This guideline from NICE is aimed at secondary care. For us, remember that neutropenia is defined as less than 0.5 neutrophils, but beware any chemotherapy patient with a temperature of 38 or more, or other signs or symptom of sepsis.
Contraception in Patients with a Prolactinoma
This guideline from FSRH lays out advice on the contraceptive options for women with prolactinoma. Traditionally, COC have been avoided and the BNF advises using non-hormonal contraception.
FSRH advice is now that you should discuss contraception with the endocrinologist, but that in general:
- POP use is fine in all patients.
- Macroprolactinoma (10mm or more) – avoid COC
- Microprolactinoma (less than 10mm) – COC containing 30mcg ethinylestradiol or less can be used.
Heparin Inducted Thrombocytopenia
This guideline from BCSH is a reminder that all patients who are going to have heparin, need to have their platelet count checked first. A drop in platelet count of 30% or more should cause concern about heparin induced thrombocytopenia, as should any other reaction to heparin (eg rashes).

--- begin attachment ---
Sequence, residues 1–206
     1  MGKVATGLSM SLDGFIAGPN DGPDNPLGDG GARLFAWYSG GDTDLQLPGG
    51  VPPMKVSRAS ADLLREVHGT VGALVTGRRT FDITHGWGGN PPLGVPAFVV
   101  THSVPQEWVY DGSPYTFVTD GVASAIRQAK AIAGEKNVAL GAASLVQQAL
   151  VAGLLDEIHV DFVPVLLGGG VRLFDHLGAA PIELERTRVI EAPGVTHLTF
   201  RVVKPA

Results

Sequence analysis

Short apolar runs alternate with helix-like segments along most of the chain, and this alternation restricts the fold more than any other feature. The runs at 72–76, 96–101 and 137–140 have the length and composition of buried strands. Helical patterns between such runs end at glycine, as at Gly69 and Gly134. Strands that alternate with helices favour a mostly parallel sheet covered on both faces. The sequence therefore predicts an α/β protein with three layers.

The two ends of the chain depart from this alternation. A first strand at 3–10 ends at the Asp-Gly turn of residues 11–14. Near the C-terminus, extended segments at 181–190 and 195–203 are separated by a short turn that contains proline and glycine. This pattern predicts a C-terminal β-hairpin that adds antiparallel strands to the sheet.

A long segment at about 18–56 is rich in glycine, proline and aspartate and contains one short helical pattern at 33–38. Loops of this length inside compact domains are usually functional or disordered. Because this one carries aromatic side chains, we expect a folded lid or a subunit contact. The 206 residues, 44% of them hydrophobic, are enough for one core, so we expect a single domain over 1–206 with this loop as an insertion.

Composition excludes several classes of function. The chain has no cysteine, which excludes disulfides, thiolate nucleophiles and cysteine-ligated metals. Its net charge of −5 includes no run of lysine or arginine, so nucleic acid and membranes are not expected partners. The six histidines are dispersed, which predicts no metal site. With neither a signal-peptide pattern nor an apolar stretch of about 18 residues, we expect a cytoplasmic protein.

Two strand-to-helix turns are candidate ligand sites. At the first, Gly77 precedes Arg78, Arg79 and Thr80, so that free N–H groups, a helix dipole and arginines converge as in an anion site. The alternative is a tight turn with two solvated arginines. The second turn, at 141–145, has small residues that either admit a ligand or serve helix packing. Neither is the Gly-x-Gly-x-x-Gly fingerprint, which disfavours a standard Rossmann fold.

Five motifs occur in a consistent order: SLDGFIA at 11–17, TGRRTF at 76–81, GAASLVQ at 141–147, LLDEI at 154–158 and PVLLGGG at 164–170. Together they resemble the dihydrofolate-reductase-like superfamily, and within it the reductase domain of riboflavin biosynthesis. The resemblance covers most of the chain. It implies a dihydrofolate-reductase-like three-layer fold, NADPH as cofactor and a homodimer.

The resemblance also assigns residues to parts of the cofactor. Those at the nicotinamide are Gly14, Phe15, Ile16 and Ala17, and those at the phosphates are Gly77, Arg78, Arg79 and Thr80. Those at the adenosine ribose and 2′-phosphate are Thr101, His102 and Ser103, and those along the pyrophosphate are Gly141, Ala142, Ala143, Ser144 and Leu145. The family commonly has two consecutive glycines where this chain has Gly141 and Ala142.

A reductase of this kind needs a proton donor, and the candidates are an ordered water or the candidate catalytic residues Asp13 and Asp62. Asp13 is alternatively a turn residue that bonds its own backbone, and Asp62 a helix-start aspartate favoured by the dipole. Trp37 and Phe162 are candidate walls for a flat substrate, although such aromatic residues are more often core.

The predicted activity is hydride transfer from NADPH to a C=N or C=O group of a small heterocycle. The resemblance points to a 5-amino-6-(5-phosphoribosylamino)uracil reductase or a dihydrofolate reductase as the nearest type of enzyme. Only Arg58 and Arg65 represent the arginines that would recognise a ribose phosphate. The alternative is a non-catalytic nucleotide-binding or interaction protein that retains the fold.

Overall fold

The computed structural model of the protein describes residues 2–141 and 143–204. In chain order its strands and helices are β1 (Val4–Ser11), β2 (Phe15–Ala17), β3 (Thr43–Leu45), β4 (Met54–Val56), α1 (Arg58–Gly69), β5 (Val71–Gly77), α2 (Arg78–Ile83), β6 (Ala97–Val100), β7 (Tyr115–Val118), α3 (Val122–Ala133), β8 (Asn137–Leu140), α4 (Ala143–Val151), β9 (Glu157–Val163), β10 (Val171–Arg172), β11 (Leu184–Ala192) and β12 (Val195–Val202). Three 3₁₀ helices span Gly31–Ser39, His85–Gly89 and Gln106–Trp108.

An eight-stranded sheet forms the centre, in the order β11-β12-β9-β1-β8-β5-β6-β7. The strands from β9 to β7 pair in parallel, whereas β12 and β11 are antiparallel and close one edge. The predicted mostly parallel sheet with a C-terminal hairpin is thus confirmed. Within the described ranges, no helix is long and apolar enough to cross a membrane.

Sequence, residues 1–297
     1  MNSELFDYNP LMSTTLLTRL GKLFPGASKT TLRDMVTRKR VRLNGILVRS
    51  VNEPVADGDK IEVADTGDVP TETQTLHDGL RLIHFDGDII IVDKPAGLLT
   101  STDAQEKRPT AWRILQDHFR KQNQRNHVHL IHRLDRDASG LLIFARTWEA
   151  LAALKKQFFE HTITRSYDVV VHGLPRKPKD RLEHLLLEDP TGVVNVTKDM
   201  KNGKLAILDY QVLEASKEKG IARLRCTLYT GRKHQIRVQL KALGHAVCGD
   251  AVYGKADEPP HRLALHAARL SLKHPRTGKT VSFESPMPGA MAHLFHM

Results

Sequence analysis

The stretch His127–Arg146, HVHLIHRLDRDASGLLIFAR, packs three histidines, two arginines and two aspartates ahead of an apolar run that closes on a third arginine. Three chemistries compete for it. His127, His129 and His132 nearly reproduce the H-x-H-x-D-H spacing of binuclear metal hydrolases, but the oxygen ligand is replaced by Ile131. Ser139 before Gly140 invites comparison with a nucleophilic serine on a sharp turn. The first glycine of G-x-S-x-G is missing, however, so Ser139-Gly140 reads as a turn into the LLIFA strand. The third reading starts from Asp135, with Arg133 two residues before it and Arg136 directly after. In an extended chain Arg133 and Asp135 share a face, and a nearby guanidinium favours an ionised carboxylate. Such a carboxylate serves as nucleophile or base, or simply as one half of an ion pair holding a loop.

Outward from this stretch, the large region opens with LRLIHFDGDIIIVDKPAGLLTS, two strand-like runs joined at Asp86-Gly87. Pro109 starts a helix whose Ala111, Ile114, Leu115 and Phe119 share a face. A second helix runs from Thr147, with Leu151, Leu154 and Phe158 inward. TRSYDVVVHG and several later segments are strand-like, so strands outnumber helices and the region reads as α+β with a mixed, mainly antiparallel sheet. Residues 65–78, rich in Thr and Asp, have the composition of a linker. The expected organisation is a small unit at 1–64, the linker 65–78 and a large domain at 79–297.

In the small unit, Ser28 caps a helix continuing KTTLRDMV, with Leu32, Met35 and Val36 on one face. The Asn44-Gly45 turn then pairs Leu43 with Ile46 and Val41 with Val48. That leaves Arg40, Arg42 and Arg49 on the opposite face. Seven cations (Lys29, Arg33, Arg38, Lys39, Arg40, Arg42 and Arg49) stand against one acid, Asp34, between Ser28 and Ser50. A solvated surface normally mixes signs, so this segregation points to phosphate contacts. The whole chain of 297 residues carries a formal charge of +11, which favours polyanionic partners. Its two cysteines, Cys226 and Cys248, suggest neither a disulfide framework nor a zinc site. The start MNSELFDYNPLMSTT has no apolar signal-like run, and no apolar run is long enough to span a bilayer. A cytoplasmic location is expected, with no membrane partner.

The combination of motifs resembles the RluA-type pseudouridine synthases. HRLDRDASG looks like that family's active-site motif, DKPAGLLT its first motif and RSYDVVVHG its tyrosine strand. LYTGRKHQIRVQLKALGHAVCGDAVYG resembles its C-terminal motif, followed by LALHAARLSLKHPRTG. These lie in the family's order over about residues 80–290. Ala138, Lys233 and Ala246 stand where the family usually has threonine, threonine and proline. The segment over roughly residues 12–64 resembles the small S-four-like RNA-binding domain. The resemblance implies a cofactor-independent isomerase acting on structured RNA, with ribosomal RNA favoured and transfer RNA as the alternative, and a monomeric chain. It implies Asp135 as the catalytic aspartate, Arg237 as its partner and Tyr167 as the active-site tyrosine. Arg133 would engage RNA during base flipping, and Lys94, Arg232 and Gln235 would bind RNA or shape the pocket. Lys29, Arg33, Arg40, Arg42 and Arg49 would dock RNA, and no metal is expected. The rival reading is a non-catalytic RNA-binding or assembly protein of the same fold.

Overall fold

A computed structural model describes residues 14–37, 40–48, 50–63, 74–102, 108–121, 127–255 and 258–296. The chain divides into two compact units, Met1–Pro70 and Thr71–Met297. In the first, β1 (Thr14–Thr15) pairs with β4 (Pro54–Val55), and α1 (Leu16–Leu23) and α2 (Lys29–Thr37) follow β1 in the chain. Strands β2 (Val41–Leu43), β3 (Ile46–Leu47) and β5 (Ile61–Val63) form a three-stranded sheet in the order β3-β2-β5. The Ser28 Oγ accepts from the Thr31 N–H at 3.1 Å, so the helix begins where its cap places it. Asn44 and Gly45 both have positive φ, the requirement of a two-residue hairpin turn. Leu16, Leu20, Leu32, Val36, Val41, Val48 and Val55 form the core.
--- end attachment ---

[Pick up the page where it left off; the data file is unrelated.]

Clotting Screens in people on the new anticoagulants
This guideline from BCSH explains what changes can be seen in the coagulation screens of people on rivaroxaban and dabigatran. It is useful to note, because although they don’t require monitoring, they do affect coagulation screens. This could avoid you worrying about unexplained changes, but could also give a way of checking that a patient is complying with treatment (my suggestion – not the guidelines!).
- APTT will be raised. A normal APTT is likely to suggest little therapeutic effect.
- PT will not be changed.
- TT may be raised. A normal TT suggests very low dabigatran levels.
- APTT or PT should be raised. Again, a normal level is likely to suggest little therapeutic effect.
- TT will not be changed.